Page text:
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Fishermen benefit from state FAD program

By Staff | Feb 19, 2015

For generations, Native Hawaiian fishermen have attended ko’a (fishing shrines in the ocean) by placing stones or food in distinct locations to attract fish. Today, modern fish aggregation device (FAD) buoys, anchored in depths between 100 and 2,000 fathoms, are used in Hawaii as an effective method to attract pelagic species targeted by commercial, subsistence and recreational fishermen.

Since 1980, the State of Hawaii FAD program has been maintaining a network of FADs to promote recreational fishing opportunities using Sports Fish Restoration Act funding administered by the U.S. Fish and Wildlife Service.

FADs are popular because they can reduce time searching for fish. Given the current fuel prices, more time catching and less time searching is important.

In recent years, Hawaii fishermen have been deploying private FADs (PFADs) without proper authorization from the U.S. Coast Guard and Army Corps of Engineers within state (0-3 nautical miles) and federal (3-200 nautical miles) waters around Hawaii.

The proliferation of PFADs in Hawaii has raised questions, such as what effects, if any, the devices have on the movements or migration patterns of species such as yellowfin and bigeye tuna, what types of fish are attracted to FADs, the rate or duration of retention and the effects on seasonal fish movements.

The Western Pacific Regional Fishery Management Council recognizes the potential community benefits of legally permitted and properly located and maintained FADs. In 2006, the council worked with Hana fishermen to establish the first legal community FAD in the state. Observed benefits included enhanced fishing opportunities, increased community fish sharing and voluntary data collection.

The council is currently working with fishermen from Maui on the following community FAD projects: Hana Community FAD 1 (HC1) 20* 37.300’N 155.52.296’W; Maui Community FAD 1 (MFH1) 21* 17.783’N 156.16.650’W; and Maui Community FAD 2 (MFH2) 21* 11.083’N 155.50.008’W.

On Maui, for example, the council is involved in a private-public partnership with Mama’s Fish House to fund the deployment of two FADs (MFH1-2) using permits maintained by the council. Mama’s Fish House is helping the council collect fishing logbooks that fishermen submit on a voluntary basis to the council. Mama’s Fish House, which is a premier restaurant in Hawaii that specializes in locally sourced seafood, recognizes the importance of supporting local fishermen, whom they rely on daily for high-quality, fresh fish.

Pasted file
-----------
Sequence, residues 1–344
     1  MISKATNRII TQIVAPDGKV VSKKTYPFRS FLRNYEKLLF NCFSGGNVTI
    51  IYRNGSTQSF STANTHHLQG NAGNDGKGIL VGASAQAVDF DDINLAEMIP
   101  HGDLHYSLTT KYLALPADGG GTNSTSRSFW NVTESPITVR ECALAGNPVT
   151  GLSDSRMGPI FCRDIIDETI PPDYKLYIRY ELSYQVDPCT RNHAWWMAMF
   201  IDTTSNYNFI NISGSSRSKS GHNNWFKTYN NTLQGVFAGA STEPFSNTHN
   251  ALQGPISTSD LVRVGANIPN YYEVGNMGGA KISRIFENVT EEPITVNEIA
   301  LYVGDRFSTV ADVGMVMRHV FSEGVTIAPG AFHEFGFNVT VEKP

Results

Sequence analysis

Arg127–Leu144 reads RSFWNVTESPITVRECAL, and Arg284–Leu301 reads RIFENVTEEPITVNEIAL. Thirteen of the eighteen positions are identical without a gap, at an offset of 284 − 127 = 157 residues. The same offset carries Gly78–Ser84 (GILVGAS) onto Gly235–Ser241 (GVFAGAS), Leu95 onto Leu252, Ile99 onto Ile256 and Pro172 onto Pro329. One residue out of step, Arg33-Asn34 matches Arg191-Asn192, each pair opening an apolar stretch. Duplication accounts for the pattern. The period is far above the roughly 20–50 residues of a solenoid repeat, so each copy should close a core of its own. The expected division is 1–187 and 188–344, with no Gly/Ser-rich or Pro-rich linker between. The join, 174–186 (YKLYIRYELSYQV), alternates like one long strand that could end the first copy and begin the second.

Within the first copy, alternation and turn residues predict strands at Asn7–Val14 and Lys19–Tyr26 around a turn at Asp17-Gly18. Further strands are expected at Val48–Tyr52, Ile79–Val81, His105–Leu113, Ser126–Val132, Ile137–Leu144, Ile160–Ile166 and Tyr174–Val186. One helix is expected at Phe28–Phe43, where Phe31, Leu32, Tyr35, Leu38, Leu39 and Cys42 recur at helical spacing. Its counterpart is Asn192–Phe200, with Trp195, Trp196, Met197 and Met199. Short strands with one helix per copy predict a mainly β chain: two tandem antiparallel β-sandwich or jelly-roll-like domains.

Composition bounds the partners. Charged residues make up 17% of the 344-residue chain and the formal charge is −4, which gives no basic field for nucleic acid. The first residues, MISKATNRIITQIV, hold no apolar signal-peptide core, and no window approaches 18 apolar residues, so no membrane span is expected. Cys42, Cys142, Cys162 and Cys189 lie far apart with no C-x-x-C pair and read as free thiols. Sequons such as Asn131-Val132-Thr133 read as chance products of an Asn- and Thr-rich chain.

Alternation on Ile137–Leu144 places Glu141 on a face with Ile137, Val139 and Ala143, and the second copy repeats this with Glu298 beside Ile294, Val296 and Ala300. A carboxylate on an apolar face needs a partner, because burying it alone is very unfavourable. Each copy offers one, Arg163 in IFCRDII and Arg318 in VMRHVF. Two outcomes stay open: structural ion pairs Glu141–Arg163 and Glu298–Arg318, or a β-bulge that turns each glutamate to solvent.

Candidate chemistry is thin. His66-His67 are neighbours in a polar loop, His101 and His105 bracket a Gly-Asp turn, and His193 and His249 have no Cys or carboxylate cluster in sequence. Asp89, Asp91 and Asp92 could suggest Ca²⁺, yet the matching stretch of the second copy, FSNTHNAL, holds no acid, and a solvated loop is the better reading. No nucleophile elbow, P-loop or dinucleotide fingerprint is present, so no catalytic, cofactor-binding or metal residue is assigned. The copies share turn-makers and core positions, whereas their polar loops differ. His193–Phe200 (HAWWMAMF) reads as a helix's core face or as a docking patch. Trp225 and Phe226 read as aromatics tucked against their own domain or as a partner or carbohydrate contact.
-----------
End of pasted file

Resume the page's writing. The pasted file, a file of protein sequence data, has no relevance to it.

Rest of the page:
Council-supported community FADs are public and fishable by everyone. When fishing around FADs, the council encourages best practices be used, such as not tying up to the FAD, not wrapping lines around the FAD and respecting others fishing near the FAD. Further, the council requests that when fishing on a community FAD, a voluntary catch log be submitted to increase understanding of the number of fish caught, size, species composition and fishing effect associated with the FAD.

Council-funded FAD projects typically involve deploying FADs in deeper water than the state FAD program, and utilize different float designs. As opposed to cylindrical spar buoys deployed around the state, council-supported community FADs normally use small boat hulls as floats, which are believed to reduce drag while providing a solid platform for the navigation light and global positioning system beacon. The council is also interested in testing various FAD designs, including the authorization of streamers that fishermen believe make the FADs more productive.

Seven of the 15 State of Hawaii FAD buoys are missing from around Maui County (NL, GG, JJ, SO, LA, MC, N). Except for the N-Buoy, located in 2,000 fathoms between Molokai and Maui, the rest are located south and west off Maui, Kahoolawe and Lanai. This leaves only three buoys (CC, K, HS) still fishable by the charter and recreational boats out of Lahaina and Maalaea, without heading to the Hana (M, FF) or the north shore buoys (HO, Q, DD). These are not easily reachable on an average fishing trip from the West Side. There is the NASA, a federally funded buoy, off the backside of Lanai, to give the West Side boats four buoys to fish. This buoy is maintained on a constant basis.

With no funding available from the U.S. Fish and Wildlife Service, there is no timeline on when the missing buoys will be redeployed. Five of the buoys have been missing for at least a year. This is hurting the fishermen and businesses that rely on the FADs for their livelihood.